Have you ever had to sell a treasured possession to pay your heating bill? How about an Old Master painting – would you give that up to keep the basement dry?
That was more or less the question facing the civil corporation (fabrique) of the parish of Notre-Dame de Québec, which is selling a painting by Jacques-Louis David to help maintain two historic churches in Quebec’s Old City. The 1779 painting of Saint Jerome has become the focus of an apparent tug of war between three Canadian museums, but its fate also shows how deep many churches have to dig to keep their buildings alive.
Monsignor Denis Bélanger, curé of the parish of Notre-Dame de Québec, says it costs around $750,000 annually to sustain and run the parish’s historic churches. As with old houses, he says, there’s always something that needs fixing. The cathedral where the David used to be displayed isn’t equipped to provide care and security for a canvas valued in the millions. The neo-Romantic French painting has already been on loan to museums for the past 30 years, Father Bélanger says.
About 40 churches in Quebec fall out of use each year, often because dwindling congregations can no longer pay the bills. In some cases, the deterioration of the church’s earthly realm has fostered a new alliance of church and state.
Quebec City and the provincial government, for example, are supporting the historic churches of Father Bélanger’s parish to the tune of $30-million over 10 years. That largesse is founded on abstract values of cultural heritage, but also on the buildings’ appeal for tourists, who make up three-quarters of the 1 million who visit each year, according to a study in 2014.
This week also brought news that a forthcoming cull of many of the 58 churches in the diocese of Saint-Jérome, northwest of Montreal, could include one that is also a landmark in Quebec history. The church of Saint-Eustache was the scene of a decisive battle during the Patriote rebellion of 1837. British soldiers brought the fight right into the building, where the Patriotes had taken refuge. The church was partly burned, and significantly rebuilt during the 19th century, but the exterior still shows damage from British artillery.
This shrine of a doomed revolt against colonial power could soon have a “for sale” sign on it. A spokesman for the diocese told Le Devoir, quite reasonably, that the church’s mission “is not to maintain heritage buildings, but to proclaim the word of Jesus Christ.” The number of priests doing that work in the diocese has shrunk by two-thirds over the past 50 years, even though the population of nominal Catholics has tripled.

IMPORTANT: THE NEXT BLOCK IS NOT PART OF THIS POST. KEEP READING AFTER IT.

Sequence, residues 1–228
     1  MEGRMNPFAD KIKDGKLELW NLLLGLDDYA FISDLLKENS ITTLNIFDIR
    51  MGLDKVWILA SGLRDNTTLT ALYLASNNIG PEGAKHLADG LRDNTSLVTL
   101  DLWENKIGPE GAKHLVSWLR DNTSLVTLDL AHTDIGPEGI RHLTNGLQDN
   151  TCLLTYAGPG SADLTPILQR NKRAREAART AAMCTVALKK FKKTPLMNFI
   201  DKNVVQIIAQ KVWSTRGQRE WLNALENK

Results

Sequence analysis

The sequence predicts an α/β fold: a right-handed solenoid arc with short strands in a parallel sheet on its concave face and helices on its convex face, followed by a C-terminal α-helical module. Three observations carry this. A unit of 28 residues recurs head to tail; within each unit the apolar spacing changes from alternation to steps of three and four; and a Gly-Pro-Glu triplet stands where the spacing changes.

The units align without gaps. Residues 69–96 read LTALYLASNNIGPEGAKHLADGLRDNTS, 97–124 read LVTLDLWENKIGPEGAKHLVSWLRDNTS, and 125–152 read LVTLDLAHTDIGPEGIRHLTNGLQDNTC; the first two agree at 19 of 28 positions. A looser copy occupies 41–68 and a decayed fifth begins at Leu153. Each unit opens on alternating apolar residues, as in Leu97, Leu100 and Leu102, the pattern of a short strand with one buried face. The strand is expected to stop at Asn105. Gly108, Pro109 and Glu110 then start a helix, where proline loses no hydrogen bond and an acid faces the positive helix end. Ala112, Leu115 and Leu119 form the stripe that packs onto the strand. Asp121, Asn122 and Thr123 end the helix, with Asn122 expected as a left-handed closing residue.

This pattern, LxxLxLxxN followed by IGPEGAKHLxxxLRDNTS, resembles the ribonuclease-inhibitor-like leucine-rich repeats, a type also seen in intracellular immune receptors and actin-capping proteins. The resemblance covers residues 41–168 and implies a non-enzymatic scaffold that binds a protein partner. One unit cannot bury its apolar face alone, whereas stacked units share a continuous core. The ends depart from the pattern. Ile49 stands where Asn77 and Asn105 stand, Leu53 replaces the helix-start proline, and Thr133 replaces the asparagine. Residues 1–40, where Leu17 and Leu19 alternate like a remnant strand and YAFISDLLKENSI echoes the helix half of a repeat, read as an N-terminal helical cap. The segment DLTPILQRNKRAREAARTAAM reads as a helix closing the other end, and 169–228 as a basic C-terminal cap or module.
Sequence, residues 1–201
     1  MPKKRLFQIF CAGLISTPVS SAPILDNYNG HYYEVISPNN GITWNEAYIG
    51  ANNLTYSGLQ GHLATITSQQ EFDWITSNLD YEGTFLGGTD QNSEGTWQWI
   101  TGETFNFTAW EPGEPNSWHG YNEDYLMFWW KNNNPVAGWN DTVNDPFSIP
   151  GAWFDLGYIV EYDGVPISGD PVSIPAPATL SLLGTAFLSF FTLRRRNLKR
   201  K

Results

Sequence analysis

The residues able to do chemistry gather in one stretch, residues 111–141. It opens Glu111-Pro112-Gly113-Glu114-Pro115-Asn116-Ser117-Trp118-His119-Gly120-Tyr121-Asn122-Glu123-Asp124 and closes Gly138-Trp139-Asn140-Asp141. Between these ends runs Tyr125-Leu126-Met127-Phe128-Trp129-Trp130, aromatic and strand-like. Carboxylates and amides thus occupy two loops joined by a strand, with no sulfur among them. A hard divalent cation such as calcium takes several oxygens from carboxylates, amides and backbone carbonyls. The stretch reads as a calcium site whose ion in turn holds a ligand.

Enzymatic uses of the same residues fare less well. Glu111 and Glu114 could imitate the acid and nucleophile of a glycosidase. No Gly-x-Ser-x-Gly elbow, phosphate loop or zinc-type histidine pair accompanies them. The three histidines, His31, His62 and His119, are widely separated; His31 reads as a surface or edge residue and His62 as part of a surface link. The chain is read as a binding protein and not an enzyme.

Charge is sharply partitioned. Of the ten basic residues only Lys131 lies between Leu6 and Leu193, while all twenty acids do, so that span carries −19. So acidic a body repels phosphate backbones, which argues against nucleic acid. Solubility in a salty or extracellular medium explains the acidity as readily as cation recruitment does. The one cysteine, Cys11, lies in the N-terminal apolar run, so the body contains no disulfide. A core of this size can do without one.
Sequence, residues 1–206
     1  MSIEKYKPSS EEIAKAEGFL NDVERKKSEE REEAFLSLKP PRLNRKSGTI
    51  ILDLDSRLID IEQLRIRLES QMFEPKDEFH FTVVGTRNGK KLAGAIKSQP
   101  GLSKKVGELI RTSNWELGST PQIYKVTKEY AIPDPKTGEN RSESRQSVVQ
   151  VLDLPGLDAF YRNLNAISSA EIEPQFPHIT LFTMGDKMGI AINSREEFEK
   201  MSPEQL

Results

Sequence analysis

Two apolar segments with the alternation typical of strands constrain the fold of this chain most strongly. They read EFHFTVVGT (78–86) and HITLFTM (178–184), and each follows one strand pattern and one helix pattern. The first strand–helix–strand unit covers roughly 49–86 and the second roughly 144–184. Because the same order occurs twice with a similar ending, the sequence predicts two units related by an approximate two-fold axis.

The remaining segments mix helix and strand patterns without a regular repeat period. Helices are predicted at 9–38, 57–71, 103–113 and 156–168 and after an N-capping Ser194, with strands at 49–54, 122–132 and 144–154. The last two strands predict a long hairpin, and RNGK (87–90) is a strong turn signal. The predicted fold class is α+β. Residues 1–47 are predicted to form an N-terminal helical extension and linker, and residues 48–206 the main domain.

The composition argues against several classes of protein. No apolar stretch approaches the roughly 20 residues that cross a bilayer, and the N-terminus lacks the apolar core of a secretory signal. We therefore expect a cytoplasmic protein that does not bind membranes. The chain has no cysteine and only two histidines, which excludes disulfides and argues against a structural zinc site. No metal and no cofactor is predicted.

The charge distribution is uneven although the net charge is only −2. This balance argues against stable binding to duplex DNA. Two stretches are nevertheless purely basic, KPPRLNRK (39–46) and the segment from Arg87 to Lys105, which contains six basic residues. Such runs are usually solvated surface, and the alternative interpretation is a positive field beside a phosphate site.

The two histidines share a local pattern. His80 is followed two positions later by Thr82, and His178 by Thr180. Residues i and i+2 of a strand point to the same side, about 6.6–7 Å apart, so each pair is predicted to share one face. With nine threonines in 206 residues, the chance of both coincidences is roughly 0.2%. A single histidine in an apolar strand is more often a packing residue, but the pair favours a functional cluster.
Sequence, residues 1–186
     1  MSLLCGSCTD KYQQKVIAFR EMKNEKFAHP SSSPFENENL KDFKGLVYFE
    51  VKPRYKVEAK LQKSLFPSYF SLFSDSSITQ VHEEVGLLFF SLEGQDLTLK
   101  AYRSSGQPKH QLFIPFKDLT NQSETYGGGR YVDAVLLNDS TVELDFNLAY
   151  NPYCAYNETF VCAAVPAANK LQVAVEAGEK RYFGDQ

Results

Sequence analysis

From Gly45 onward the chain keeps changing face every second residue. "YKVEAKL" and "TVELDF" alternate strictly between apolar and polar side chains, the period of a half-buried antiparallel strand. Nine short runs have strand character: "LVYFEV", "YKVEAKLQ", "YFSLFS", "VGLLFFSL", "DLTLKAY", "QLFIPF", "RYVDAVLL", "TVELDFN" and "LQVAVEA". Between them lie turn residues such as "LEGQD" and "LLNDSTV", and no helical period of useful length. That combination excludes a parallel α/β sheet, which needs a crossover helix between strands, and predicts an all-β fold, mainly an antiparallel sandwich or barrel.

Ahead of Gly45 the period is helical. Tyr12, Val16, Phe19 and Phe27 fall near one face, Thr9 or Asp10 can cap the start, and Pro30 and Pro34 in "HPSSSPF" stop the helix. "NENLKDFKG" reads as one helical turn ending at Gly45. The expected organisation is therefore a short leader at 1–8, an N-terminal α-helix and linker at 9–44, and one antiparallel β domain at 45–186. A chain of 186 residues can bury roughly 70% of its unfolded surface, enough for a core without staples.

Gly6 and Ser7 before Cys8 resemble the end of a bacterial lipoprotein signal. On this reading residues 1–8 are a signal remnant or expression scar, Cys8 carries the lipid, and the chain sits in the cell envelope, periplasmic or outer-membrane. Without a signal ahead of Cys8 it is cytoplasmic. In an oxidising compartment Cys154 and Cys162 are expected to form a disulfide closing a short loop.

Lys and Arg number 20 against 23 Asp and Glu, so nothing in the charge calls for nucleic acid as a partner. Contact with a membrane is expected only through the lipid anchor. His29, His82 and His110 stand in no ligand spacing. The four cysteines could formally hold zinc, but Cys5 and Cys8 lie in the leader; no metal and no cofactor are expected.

If Saint-Eustache is deconsecrated, its next use might be as a museum for the rebellion. There already is such a museum, at Montreal’s former Pied-au-Courant jail, where more than 1,300 Patriotes were imprisoned – and in some cases, hanged. A Saint-Eustache museum could be a more local affair, focused mainly on the actual battle. It would no doubt become a client of the provincial government.
It would also change into a full-on house of nationalist memory. As the church becomes ever weaker, institutions such as Saint-Eustache – and Notre-Dame de Québec, the oldest Catholic parish in North America – are increasingly recontextualized within political and civic history.
(The church’s mission) is not to maintain heritage buildings, but to proclaim the word of Jesus Christ.— A spokesman for the diocese of Saint-Jérome
The same thing is happening to sacred personalities. In March, sculptor Yann Pocreau was revealed as the winner of a competition to create a public art work in the Old Port of Montreal, at the new $78 million cruise terminal at Alexandra Pier. Mr. Pocreau’s arching metal sculpture is meant to commemorate three women involved in the early history of Montreal: Jeanne Mance, Marguerite Bourgeoys and Saint Marguerite d’Youville.
All three women were major figures in the establishment of Catholic orders and hospitals in the city. Their apotheosis at an entirely secular spot devoted to tourism is another step in defining them primarily as historic civic personalities, rather than as saintly Catholics.
Ironically, d’Youville’s dwindling order, the Sisters of Charity of Montreal (Grey Nuns), quit their last stronghold in Old Montreal a year ago, because there aren’t enough nuns left to run it. Half of the building will remain a museum, while the rest may become offices for the University of Montreal.
A spokesperson for the Grey Nuns says the order, which sold its gigantic convent to Concordia University in 2007, will lose its last aging member within 30 years. With the candles out in the Sisters’ deconsecrated chapels, it will be up to the city to keep a flame burning for the Catholic heroes of old.